Celebrities bring on the campaign glitter


By Carmela G. Lapena – Pinoys are crazy about celebrities. Politicians know it. This is probably why they tap stars to support their candidacy. Star power is believed to translate to much-needed votes. Now, with just months until the May polls, politicians are bringing out the big guns.

Celebrity connections

It may be recalled that when President Gloria Macapagal-Arroyo capitalized on her resemblance to Superstar Nora Aunor when she was running for vice president in 1998. She already had political pedigree but it was, arguably, the Nora Aunor connection that made the masses gravitate towards her.

These days, Senator Benigno “Noynoy” Aquino III has considerable advantage since his sister is TV host-actress Kris Aquino, whom the entertainment industry has crowned as “The Queen of All Media.” The presidentiable’s trendsetting sibling has even rallied her showbiz friends – Sharon Cuneta, Regine Velasquez, Ogie Alcasid, Dingdong Dantes, Marian Rivera, Boy Abunda, Ai-Ai Delas Alas, and Vilma Santos – to support her brother’s candidacy.

In fact, Ilocos Norte Representative Ferdinand “Bongbong” Marcos pointed out that the endorsement of “showbiz heavyweights” is an advantage for Aquino’s campaign and advised that Villar get celebrity endorsers as well to jazz up his campaign.

Thus, Senator Manuel “Manny” Villar Jr., tapped Pinoy “Comedy King” Dolphy, to put in a good word for him. Comedians Willie Revillame and Michael V., as well as boxing champ Manny Pacquiao, are also rooting for Villar.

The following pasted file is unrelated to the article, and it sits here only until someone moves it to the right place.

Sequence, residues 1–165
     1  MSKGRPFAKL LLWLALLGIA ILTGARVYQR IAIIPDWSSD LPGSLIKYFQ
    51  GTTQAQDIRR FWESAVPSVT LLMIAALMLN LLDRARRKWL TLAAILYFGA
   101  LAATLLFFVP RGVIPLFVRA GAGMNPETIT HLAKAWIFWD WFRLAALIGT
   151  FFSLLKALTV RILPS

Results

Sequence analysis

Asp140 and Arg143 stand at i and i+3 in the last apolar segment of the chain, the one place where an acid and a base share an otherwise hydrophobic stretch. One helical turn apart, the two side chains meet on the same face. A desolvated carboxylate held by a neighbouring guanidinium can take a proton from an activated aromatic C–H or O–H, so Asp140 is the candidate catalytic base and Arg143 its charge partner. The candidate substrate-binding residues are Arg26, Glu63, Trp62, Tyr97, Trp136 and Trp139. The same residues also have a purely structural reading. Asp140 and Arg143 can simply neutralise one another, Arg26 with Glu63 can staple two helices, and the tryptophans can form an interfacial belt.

Perhaps using the same logic, Gilberto “Gibo” Teodoro Jr., in a surprise move, picked TV host-actor Edu Manzano to be his vice presidential bet.

Then, of course, there’s former president Joseph “Erap” Estrada – who, for a time, was one of the most popular onscreen anti-heroes in Philippine cinema – making a political comeback much like he’d make a sequel to one of his past films. Asked if he’s baffled why his fellow actor and good friend Dolphy chose to endorse Villar, Estrada merely said, “Nagtatrabaho lamang s’ya (He’s just working).”

Well, if the comedian is indeed campaigning for Villar for a fee, just how much does he stand to earn?

Public relations specialist Reli German, who’s been credited for using the memorable Erap jokes in the past to work to his then-client’s advantage, said, “If the celebrity is truly supportive of the candidate, the talent fee could be as little as a [‘Thank You’] to P100,000.”

However, the price soars to P2 to P3 million, depending on the celebrity’s status, if the politician is bent on purchasing star power.

Real support from reel people

It remains to be seen, however, if all celebrities collecting talent fees for their campaign duties. Just like Oprah Winfrey who supported US President Barack Obama’s campaign, there are those who are simply “donating” their services for politicians they believe in.

Take for instance matinee idol Dingdong Dantes, an Aquino supporter. “I believe in (Noynoy Aquino’s) desire to help the Filipino youth,” he explained.